Tikhonov (1965) was the first to consider the uniqueness theorem for the 1-D MT inverse problem. He proved that different, piecewise analytic, conductivity profiles correspond to different response functions, and also indicated that the converse may be proved in a similar manner. He therefore established a one-to-one relationship between every complete data set and a distinct conductivity profile. Hence, surface measurements are, in principle, sufficient to determine the true Earth σ(z). In fact, responses known precisely on any open interval ω1 < ω < ω2, or at an infinite number of equally spaced frequencies are sufficient to uniquely define σ(z) (Parker, 1983).
Other uniqueness proofs, valid for different types of conductivity models, also exist. Bailey (1970) proved a uniqueness theorem for the class of nonzero, bounded, infinitely differentiable conductivity functions. He showed that complete knowledge of a single surface harmonic mode is sufficient to give the unique σ(T) of a radially symmetric Earth. MacBain and Bednar (1986) extended Bailey's work to prove that c(w) can be uniquely inverted when σ(z) is from the class of all homogeneous layered models, all piecewise polynomials, and all piecewise finite trigonometric-series functions. Loewenthal (1975) proved that models consisting of homogeneous, isotropic, parallel layers each with equal field attenuation are uniquely determined by the surface impedance.
MT uniqueness theorems assume that an infinite number of responses are known precisely. In contrast, for all practical data sets consisting of a finite number of inaccurate data the inverse problem is always nonunique. The nonuniqueness arises for two reasons. First, there are an infinite number of ways to interpolate and extrapolate a finite number of accurate data, and each such realizable response corresponds to a different conductivity profile. Second, since any practical algorithm must permit misfits to the noisy observations, errors in the data make the space of acceptable interpolations even larger.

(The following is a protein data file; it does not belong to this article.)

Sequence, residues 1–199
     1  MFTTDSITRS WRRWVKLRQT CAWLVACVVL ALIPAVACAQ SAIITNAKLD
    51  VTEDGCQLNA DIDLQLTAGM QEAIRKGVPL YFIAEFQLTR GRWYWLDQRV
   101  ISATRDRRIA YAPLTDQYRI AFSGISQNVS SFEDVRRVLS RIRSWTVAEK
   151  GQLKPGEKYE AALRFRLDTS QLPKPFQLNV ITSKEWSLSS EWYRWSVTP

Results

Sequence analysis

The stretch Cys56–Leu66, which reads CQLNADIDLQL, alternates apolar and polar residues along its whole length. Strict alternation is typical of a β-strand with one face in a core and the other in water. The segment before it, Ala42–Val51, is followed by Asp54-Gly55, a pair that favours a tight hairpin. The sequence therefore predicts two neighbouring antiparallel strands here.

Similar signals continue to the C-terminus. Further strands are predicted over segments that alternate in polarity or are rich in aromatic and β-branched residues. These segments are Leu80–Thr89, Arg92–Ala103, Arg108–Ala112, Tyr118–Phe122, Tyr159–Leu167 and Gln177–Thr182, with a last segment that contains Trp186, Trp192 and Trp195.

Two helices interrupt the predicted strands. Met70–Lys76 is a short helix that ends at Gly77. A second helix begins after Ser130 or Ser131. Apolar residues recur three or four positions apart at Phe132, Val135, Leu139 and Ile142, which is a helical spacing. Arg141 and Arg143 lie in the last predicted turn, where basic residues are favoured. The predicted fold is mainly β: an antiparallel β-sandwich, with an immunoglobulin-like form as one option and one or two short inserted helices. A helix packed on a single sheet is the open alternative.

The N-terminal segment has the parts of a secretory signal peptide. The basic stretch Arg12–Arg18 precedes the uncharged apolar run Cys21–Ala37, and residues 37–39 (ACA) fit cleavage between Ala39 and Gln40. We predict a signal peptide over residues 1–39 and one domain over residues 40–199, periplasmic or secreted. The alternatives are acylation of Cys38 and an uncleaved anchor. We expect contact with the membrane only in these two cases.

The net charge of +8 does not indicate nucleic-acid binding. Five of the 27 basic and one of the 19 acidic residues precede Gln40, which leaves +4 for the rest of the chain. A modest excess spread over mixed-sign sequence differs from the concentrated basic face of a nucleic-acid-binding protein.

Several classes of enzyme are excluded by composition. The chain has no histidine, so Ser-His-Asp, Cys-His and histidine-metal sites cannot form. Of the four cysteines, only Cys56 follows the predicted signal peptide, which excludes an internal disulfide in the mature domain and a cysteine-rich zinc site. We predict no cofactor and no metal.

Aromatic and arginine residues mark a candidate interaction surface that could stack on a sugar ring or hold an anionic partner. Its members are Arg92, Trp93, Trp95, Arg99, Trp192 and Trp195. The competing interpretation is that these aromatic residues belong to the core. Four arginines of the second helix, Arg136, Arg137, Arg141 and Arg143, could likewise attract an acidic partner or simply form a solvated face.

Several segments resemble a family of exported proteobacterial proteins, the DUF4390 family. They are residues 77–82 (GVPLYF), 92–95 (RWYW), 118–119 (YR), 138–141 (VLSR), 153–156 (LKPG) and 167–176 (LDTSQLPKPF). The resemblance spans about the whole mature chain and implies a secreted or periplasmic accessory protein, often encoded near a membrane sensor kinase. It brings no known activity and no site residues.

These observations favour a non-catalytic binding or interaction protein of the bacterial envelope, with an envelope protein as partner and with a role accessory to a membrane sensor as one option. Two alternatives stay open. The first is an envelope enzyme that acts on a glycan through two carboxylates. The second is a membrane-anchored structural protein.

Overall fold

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In this short monograph, 1D inversion methods are examined collectively using a uniform notation. One-dimensional inversion methods are still important because there are geologic regions where lateral variation is small and 1D interpretation is directly applicable; 1D inverse solutions provide good starting models for 2D inversion; and understanding the 1D inverse problem provides a foundation for solving inverse problems in higher dimensions. The 10 chapters are “Introduction”, “Existence”, “Uniqueness,” “Asymptotic Methods,” “Linearized/Iterated Methods,” “Global Penalty Functional Methods,” “Monte Carlo Methods,” “Exact Methods,” “Appraisal Methods,” and “Conclusion.”